There are three main facets that The Chisomo Idea uses to do this. First, there are children centers set up in different areas of Malawi. These are places that children can come, play games, hang out, learn the Word of God, and when resources are available have a bite to eat. There is also an aspect of education involved with the children centers. The centers provide different education resources such as health and hygiene education and help with general education. Another area that The Chisomo Idea works with is leadership training. The Chisomo Idea team acknowledges that the children of today are the leaders of tomorrow, and there is no reason why a child should be denied the opportunity to lead/be trained/ be a leader of tomorrow just because of their socioeconomic background. The leadership training targets youth of different ages to help equip them with skills that will aid them in their future endeavors. The final facet of The Chisomo Idea, and the area where I have been working, is the theater of dreams. This uses sports, namely football (soccer) to reach out and build up kids. Soccer is HUGE here. HUGE. Everywhere you look you see kids playing. If there isn't a ball around- which there normally isn't- they are playing with plastic bottles or some other improvised ball-like object, and they are normally playing on a patch of dirt littered with holes and bushes. By providing a place where kids can develop these soccer skills, it creates an environment that kids flock to. This creates an situation where kids can develop not only their soccer skills, but their social skills, their faith, their communication skills, and even their scholastic skills. (The Chisomo Idea has a program set up called the Scholar Athlete program where it helps pay school fees for some of their athletes that qualify.) The programs within the theater of dreams in Lilongwe (in a village called Chinsapo) is the area where I have primarily been working.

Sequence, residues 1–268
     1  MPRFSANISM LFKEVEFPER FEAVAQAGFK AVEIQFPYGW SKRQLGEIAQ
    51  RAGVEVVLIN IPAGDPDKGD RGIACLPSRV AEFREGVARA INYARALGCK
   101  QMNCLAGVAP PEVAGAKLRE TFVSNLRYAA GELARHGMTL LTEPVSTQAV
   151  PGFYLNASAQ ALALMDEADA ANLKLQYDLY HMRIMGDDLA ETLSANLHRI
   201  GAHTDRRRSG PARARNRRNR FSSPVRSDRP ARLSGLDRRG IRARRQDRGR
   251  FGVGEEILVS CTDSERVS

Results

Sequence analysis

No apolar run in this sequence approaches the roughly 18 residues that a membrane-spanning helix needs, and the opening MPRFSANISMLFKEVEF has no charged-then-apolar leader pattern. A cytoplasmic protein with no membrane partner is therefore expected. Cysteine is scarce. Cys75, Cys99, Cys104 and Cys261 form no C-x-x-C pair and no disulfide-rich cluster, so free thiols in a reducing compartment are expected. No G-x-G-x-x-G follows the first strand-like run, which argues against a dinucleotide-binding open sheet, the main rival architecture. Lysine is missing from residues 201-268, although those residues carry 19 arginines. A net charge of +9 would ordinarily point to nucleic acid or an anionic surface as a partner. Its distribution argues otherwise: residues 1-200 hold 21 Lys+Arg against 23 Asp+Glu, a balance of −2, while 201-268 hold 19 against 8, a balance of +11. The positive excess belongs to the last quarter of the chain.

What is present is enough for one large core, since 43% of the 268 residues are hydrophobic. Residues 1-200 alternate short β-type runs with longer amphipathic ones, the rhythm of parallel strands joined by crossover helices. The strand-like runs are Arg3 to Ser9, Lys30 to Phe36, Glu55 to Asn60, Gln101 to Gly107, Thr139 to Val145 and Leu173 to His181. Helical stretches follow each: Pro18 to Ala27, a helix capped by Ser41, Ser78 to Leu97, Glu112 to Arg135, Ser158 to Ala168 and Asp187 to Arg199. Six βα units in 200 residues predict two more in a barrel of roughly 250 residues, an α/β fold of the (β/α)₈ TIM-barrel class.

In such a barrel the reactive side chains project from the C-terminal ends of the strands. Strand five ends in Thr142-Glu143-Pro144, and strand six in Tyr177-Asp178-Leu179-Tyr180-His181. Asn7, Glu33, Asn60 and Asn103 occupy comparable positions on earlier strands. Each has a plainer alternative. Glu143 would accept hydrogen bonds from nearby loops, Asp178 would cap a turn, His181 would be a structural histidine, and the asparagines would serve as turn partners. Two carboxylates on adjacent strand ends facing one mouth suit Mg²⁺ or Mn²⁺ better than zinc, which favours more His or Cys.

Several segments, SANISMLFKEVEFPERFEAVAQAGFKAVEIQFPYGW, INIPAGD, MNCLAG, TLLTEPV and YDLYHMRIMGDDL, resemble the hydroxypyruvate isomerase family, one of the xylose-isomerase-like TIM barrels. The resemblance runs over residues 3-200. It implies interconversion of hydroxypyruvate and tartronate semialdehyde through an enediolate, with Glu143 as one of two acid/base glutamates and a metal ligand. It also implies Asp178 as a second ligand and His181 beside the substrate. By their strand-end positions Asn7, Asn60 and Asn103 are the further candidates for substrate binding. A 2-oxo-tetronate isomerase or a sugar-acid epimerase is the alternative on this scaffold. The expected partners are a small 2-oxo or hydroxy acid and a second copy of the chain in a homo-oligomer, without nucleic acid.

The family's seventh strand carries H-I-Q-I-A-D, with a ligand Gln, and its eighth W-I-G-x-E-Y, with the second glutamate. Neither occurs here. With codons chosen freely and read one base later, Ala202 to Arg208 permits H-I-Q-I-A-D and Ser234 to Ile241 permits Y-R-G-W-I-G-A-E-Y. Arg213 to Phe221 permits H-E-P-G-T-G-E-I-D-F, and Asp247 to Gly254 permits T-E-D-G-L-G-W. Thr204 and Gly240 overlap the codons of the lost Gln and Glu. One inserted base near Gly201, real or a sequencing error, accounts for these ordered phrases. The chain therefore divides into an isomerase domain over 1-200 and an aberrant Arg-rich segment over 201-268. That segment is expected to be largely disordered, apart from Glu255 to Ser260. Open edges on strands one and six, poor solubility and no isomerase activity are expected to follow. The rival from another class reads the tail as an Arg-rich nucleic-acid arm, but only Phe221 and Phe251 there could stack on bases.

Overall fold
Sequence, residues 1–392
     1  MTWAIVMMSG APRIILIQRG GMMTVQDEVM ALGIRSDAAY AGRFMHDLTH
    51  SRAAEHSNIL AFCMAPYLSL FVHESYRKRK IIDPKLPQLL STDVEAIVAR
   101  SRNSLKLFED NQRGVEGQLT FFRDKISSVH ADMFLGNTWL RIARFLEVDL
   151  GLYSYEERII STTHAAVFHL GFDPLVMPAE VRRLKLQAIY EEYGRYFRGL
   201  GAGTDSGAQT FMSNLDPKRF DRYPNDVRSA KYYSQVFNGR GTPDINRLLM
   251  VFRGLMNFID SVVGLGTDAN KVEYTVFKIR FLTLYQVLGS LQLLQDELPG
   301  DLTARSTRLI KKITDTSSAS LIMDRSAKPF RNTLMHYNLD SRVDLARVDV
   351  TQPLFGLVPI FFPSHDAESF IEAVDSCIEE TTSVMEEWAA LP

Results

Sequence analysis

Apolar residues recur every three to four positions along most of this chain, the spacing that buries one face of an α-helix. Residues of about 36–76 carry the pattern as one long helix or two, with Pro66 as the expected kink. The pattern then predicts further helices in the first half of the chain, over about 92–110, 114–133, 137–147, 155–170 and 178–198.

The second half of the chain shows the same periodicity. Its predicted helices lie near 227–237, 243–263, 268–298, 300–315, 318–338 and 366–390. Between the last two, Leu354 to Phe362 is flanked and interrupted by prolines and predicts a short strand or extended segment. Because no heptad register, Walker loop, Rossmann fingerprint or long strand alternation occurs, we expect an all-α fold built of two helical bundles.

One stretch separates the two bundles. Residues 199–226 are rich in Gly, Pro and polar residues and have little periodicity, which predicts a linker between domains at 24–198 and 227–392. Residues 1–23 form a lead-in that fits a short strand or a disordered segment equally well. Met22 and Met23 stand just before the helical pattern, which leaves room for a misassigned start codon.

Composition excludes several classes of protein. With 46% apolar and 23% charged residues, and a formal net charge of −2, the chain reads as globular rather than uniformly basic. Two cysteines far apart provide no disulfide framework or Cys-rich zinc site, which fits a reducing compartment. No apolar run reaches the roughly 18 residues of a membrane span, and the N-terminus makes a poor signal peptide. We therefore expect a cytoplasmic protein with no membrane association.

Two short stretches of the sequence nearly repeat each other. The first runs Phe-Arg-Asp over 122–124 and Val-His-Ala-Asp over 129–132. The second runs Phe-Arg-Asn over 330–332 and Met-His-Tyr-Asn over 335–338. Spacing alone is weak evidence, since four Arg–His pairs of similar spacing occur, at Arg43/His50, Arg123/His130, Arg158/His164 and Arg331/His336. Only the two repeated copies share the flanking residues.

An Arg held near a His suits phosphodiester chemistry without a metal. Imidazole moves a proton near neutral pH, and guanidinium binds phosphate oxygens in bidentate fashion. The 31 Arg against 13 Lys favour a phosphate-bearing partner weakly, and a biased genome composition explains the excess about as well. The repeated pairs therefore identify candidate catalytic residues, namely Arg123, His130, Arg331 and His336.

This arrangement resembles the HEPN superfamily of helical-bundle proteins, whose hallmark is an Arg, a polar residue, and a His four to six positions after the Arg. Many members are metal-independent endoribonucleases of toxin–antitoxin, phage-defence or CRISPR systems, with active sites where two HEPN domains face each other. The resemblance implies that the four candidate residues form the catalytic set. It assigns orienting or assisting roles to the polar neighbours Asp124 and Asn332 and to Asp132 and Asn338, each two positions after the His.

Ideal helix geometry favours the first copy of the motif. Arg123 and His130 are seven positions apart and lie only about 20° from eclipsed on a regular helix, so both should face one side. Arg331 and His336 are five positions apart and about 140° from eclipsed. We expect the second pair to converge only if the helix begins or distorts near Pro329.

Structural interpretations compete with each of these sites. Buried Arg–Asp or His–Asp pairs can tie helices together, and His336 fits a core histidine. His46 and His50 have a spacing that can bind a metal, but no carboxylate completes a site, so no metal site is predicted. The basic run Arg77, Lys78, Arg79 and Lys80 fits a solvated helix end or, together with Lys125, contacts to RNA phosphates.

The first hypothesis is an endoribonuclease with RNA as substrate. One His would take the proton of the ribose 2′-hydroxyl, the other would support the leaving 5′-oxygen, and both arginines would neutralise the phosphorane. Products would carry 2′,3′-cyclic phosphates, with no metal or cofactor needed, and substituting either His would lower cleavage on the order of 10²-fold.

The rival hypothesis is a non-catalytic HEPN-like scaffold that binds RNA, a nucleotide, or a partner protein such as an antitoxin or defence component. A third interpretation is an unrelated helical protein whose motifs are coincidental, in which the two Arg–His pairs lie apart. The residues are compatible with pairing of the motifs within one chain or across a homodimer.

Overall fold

I have written before about going out to Chinsapo and playing soccer with the girls soccer team. I have tried to make that a regular event, going out and kicking the ball around- and getting my butt kicked- with the girls of Chinsapo. I have started to develop a friendship with these girls, and they are finally starting to open up to me. I am no longer that white girl playing soccer with them, I am just Danie. (Or at least that is what it seems like, and I hope I am not just taking away what I want to see from the situation). Last weekend we started our first bible study during practice. There were five girls, and two guys who coach the girls, making seven total. I am no where near qualified enough to lead a bible study, but I am excited to learn more about the Word of God with these girls. I am wanting to have a couple of the girls actually lead the bible study, and me just help, so when I leave Malawi in May it doesn't fall apart. Last Saturday was really encouraging. We talked about God's grace, what it meant, and how it applied to our lives. We had a discussion about what it looks like day in and day out. It was amazing. I am trying to do this bible study in English so that the girls become more comfortable speaking in English. We even read in English! It was a special moment when one of the girls was reading through the passage for the day and felt comfortable enough to stop and ask how to say certain words. I felt like for once I was helping these girls in some way- and more so that God was working through me to teach these girls skills applicable to life. Only two of the seven of them owned bibles.... This is something I hope to change.